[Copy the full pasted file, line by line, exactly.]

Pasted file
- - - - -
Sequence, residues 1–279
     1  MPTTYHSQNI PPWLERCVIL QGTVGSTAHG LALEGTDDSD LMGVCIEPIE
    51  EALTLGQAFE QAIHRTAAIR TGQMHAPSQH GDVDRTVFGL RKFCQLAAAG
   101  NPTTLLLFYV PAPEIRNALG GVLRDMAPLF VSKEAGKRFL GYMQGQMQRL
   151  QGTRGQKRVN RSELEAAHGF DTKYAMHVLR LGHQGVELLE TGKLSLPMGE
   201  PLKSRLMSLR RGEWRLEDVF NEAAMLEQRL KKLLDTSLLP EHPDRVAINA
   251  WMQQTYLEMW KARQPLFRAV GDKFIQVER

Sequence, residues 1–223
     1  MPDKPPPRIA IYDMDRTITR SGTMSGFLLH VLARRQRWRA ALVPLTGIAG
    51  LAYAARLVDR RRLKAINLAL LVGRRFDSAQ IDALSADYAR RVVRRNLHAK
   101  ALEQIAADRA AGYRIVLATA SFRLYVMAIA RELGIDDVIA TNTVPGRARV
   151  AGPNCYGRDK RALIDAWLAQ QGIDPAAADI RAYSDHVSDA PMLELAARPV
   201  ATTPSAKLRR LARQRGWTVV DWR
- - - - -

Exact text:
Sequence, residues 1–279
     1  MPTTYHSQNI PPWLERCVIL QGTVGSTAHG LALEGTDDSD LMGVCIEPIE
    51  EALTLGQAFE QAIHRTAAIR TGQMHAPSQH GDVDRTVFGL RKFCQLAAAG
   101  NPTTLLLFYV PAPEIRNALG GVLRDMAPLF VSKEAGKRFL GYMQGQMQRL
   151  QGTRGQKRVN RSELEAAHGF DTKYAMHVLR LGHQGVELLE TGKLSLPMGE
   201  PLKSRLMSLR RGEWRLEDVF NEAAMLEQRL KKLLDTSLLP EHPDRVAINA
   251  WMQQTYLEMW KARQPLFRAV GDKFIQVER

Sequence, residues 1–223
     1  MPDKPPPRIA IYDMDRTITR SGTMSGFLLH VLARRQRWRA ALVPLTGIAG
    51  LAYAARLVDR RRLKAINLAL LVGRRFDSAQ IDALSADYAR RVVRRNLHAK
   101  ALEQIAADRA AGYRIVLATA SFRLYVMAIA RELGIDDVIA TNTVPGRARV
   151  AGPNCYGRDK RALIDAWLAQ QGIDPAAADI RAYSDHVSDA PMLELAARPV
   201  ATTPSAKLRR LARQRGWTVV DWR